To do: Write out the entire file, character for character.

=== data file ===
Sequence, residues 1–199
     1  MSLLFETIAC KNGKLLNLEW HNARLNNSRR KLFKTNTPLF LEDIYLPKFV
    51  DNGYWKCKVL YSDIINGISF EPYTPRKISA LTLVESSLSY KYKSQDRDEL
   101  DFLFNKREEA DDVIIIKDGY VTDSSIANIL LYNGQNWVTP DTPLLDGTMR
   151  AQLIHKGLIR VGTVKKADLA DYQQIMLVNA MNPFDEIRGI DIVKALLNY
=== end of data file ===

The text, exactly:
Sequence, residues 1–199
     1  MSLLFETIAC KNGKLLNLEW HNARLNNSRR KLFKTNTPLF LEDIYLPKFV
    51  DNGYWKCKVL YSDIINGISF EPYTPRKISA LTLVESSLSY KYKSQDRDEL
   101  DFLFNKREEA DDVIIIKDGY VTDSSIANIL LYNGQNWVTP DTPLLDGTMR
   151  AQLIHKGLIR VGTVKKADLA DYQQIMLVNA MNPFDEIRGI DIVKALLNY